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UK govt departments face £2bn in spending cuts despite tax rises – IFS

UK government departments face deep budget cuts of more than £2bn even as Finance Minister Rishi-Sunak increases taxes to their highest peacetime level, a leading financial thinktank said on Tuesday.

Sunak’s manifesto-breaking tax raid will lift the burden on Britons already struggling with low wages, benefit cuts and price rises, to more than 42% of national income – more than 2% above pre-pandemic spending levels and its highest level in “normal times” since 1985, the Institute for Fiscal Studies said.

“These are more the inevitable consequences of population ageing and pressures on health and care spending, than they are consequences of the pandemic. Tax rises that were always inevitable have been smuggled in under cover of the pandemic,” the IFS said ahead of Sunak’s post-lockdown Budget due this month.

Last month Prime Minister Boris Johnson approved a hike in national insurance to fund health and social care.

In its “green budget” assessment of the public finances, the IFS said that in order to balance the national budget Sunak would have to increase spending on services other than health, defence, schools and aid by less than he was planning pre-pandemic.

“Indeed, to keep to currently planned totals, he may even have to implement cuts to some budgets over the next two years,” it warned, noting that he had “little room for manoeuvre”.

Cuts to “unprotected” day-to-day budgets in “perennially squeezed” areas such as local government, further education, prisons and courts could total more than £2bn (2.5%) next year, the IFS said.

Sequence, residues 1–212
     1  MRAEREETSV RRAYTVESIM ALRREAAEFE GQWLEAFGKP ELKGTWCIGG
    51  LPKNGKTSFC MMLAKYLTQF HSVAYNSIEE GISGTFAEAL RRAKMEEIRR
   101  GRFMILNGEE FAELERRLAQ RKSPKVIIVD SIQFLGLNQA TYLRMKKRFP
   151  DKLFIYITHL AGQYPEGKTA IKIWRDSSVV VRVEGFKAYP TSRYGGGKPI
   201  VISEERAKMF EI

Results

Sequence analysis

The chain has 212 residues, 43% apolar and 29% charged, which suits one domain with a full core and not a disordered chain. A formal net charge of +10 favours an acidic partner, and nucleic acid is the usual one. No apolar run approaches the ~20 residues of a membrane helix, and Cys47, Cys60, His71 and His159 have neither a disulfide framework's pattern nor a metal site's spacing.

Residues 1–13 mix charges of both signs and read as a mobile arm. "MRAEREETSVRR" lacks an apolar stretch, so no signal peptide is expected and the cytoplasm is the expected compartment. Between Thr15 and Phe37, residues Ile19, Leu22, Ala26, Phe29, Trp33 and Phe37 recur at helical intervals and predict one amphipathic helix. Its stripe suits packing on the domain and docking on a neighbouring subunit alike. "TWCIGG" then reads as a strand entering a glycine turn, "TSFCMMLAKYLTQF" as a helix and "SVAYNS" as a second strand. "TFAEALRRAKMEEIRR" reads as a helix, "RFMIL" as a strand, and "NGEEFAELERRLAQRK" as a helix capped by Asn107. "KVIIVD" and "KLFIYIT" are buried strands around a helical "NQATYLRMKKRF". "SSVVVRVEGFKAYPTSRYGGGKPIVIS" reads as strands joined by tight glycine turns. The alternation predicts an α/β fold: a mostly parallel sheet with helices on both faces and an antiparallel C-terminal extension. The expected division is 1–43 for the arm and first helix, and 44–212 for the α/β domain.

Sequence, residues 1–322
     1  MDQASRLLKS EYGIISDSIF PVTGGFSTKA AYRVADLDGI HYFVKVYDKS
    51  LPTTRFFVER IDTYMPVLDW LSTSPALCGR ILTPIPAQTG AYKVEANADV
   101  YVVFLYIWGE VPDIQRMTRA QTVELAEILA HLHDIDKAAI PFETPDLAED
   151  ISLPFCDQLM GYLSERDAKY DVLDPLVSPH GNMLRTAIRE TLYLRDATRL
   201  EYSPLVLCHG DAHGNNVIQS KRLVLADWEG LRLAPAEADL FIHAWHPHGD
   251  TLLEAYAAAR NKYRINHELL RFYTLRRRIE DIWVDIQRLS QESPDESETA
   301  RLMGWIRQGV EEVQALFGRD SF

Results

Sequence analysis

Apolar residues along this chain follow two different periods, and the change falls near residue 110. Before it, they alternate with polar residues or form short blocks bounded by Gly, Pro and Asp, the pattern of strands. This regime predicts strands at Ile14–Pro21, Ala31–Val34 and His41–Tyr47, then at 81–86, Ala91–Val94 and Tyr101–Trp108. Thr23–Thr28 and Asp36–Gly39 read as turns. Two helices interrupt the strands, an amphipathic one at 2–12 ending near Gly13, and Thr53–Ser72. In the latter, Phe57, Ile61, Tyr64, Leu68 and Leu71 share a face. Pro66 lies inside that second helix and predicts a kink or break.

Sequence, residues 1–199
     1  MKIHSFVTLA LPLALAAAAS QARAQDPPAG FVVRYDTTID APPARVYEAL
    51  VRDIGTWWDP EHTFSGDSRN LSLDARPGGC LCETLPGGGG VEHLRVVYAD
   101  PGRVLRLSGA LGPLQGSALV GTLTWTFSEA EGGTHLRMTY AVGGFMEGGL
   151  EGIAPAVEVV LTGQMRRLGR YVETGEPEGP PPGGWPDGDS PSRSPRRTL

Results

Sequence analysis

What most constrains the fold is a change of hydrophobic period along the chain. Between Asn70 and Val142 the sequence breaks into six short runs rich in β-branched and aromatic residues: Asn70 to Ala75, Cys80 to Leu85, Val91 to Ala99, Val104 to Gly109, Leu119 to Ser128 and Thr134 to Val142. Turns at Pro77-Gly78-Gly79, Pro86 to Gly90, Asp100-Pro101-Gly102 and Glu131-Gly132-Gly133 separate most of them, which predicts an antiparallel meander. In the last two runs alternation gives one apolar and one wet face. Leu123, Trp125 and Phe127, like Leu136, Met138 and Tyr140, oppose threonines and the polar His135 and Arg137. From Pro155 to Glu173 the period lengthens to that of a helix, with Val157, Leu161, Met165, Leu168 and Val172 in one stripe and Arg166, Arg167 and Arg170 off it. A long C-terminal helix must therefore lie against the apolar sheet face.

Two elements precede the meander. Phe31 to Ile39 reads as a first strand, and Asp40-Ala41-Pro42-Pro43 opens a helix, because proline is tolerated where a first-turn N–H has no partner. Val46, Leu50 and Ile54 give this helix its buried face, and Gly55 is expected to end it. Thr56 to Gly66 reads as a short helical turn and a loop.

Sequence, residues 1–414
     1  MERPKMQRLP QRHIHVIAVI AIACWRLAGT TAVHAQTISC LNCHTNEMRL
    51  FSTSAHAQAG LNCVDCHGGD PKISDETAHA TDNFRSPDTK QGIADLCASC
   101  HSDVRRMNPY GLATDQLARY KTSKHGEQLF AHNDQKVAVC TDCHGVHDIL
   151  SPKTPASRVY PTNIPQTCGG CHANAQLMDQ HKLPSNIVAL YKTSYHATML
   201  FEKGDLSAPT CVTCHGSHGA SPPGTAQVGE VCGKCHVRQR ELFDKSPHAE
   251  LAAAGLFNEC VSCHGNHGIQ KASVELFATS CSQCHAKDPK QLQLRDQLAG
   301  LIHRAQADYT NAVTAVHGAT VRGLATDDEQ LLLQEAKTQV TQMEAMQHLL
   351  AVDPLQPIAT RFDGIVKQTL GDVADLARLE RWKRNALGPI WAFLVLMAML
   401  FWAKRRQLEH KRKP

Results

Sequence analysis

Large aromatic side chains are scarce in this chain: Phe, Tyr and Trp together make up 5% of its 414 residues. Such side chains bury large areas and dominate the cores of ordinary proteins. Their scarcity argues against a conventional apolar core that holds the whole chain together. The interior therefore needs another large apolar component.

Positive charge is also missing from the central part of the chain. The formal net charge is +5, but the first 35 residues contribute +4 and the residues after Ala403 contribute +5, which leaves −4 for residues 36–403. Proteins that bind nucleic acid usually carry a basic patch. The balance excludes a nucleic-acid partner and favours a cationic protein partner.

Former Conservative Finance Minister George Osborne in 2010 orchestrated massive cuts to public spending under his much-maligned programme of austerity, which hindered Britain’s recovery from the financial crash of 2008 and are so deeply embedded that the impact could last a generation.

SPENDING CUTS ‘DIFFICULT TO RECONCILE’

“These budgets were cut substantially in the 2010s, and a further round of cuts would be difficult to reconcile with the government’s stated objectives – particularly around ‘levelling up’,” the IFS said.

It added that that the pressure on Sunak was heightened by the fact that no allowance has been made for pandemic-related pressures outside of the National Health Service.

“Ongoing support for public transport operators and a catch-up package for schools alone “could easily require £3bn of extra spending each year,” the IFS said.

Sunak still faced “huge uncertainty over the direction of the economy and hence over the state of the public finances”.

“He will be hoping against hope that stronger-than-expected growth in revenues over the next few years will help to dig him out of what still looks like a fair-sized hole.”

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